Prague Med. Rep. 2022, 123, 266-278

Pervitin Intoxication with Two-peak Massive Myoglobinemia, Acute Kidney Injury and Marked Procalcitonin Increase Not Associated with Sepsis

Eva Svobodová1, Tomáš Drábek2, Helena Brodská3

1Department of Anesthesiology and Intensive Care Medicine, First Faculty of Medicine, Charles University and General University Hospital in Prague, Prague, Czech Republic
2Department of Anesthesiology and Perioperative Medicine, University of Pittsburgh School of Medicine and UPMC, Pittsburgh, United States
3Institute of Medical Biochemistry and Laboratory Diagnostics, First Faculty of Medicine, Charles University and General University Hospital in Prague, Prague, Czech Republic

Received May 31, 2022
Accepted October 18, 2022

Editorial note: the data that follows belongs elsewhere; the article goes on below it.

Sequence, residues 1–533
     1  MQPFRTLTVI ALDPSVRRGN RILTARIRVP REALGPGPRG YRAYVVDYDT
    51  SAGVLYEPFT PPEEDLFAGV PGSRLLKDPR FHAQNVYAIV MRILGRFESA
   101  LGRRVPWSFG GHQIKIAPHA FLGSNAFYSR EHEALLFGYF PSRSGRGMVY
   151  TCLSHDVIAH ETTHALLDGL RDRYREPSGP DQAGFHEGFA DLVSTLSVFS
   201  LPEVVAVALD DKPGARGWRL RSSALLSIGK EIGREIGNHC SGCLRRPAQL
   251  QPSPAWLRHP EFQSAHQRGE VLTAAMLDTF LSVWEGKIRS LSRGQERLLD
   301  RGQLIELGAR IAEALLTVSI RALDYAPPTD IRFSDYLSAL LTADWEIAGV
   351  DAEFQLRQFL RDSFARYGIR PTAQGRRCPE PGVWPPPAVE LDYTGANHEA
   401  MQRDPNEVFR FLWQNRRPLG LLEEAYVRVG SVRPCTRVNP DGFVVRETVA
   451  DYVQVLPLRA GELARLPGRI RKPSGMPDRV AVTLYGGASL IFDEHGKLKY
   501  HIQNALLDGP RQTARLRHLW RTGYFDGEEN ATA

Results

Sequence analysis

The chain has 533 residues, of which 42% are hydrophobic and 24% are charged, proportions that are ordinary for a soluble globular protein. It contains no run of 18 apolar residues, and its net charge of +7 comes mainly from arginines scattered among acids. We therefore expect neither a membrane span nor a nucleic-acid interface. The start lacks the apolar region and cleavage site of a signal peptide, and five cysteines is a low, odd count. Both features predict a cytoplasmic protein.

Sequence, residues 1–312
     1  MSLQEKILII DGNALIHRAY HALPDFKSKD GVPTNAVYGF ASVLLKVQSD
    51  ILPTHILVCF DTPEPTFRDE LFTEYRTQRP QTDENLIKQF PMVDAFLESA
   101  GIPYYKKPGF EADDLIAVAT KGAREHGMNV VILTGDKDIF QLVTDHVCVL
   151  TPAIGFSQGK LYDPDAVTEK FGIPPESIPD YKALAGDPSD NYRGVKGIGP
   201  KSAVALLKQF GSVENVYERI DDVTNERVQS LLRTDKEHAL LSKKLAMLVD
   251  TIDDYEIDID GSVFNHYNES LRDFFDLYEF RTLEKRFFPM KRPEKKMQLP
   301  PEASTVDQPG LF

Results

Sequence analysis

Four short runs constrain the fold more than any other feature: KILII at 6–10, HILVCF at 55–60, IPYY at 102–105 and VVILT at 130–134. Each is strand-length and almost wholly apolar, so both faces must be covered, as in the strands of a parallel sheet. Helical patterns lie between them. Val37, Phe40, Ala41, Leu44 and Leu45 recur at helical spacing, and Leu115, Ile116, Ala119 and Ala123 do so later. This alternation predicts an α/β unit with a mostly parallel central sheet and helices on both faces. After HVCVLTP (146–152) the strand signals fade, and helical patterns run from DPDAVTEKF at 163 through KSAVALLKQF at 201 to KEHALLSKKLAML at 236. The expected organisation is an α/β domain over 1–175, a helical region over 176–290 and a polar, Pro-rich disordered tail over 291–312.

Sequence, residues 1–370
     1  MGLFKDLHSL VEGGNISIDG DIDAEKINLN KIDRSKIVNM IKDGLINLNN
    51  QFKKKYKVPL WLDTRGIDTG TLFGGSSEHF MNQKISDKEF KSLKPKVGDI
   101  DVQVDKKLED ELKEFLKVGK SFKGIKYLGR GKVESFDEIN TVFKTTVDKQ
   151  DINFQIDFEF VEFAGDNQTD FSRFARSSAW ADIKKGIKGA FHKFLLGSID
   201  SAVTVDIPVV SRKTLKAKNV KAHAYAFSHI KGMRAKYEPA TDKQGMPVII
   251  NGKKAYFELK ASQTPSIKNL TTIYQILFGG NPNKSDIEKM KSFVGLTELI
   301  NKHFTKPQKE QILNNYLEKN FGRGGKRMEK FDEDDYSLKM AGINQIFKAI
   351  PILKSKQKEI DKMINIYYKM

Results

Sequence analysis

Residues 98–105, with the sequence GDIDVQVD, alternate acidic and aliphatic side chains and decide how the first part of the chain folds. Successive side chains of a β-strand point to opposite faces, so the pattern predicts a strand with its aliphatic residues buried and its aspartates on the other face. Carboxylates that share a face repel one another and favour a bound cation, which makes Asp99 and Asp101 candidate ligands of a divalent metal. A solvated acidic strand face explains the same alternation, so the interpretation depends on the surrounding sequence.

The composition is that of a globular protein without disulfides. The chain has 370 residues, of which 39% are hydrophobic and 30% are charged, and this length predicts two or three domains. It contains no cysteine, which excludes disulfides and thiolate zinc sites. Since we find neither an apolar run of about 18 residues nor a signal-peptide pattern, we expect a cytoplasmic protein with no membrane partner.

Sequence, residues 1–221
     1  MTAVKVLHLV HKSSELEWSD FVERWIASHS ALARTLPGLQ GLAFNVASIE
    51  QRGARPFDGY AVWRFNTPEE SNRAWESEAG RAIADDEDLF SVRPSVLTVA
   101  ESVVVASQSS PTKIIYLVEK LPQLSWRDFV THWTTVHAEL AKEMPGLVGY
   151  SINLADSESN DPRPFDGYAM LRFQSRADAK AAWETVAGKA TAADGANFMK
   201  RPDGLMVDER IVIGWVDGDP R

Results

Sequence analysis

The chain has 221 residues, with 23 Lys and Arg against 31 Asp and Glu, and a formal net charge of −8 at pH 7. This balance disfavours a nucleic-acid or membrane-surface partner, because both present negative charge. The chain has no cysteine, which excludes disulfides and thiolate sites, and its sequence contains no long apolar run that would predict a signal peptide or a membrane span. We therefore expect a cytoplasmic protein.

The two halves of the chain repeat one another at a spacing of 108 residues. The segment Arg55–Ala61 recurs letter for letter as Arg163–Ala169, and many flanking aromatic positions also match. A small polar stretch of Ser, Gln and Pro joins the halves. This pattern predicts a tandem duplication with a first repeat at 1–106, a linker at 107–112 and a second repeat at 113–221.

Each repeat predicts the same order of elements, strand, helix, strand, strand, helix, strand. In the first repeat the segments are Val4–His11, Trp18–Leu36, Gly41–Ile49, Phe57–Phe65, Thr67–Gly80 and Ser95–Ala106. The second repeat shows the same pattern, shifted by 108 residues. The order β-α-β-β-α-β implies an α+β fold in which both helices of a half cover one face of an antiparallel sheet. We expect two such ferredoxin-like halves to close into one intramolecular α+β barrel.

Patients intoxicated with methamphetamine-like substances may present with myoglobinuria but rarely require admission. An 18-year-old female was admitted due to intoxication with pervitin, a methamphetamine derivative. She presented with an altered mental status, fever, and increased heart and respiratory rates. Biomarkers showed leukocytosis and markedly increased procalcitonin levels, suggestive of sepsis. However, blood cultures and infectious disease workup were unrevealing. Clinical course was heralded by rhabdomyolysis and myoglobinuria resulting in multi-organ failure including respiratory failure necessitating mechanical ventilation, hemodynamic compromise with need for inotropic support, and an acute renal failure requiring renal replacement therapy. Surprisingly, after a transient improvement, an unexpected second peak of myoglobin was observed on hospital day 5, controlled by intensifying the elimination methods, and administration of dantrolene. Acute kidney injury resolved by hospital day 15, and the patient could be discharged on day 22. While most patients with intoxications are discharged within 24 hours from emergency departments without being admitted, our case report highlights that the organ injury may evolve beyond the usual observation period, traditional renal-replacement therapies may not be sufficient to mitigate myoglobinemia with resulting acute kidney injury, and that procalcitonin may not be a reliable biomarker of infection in the setting of drug-induced rhabdomyolysis.


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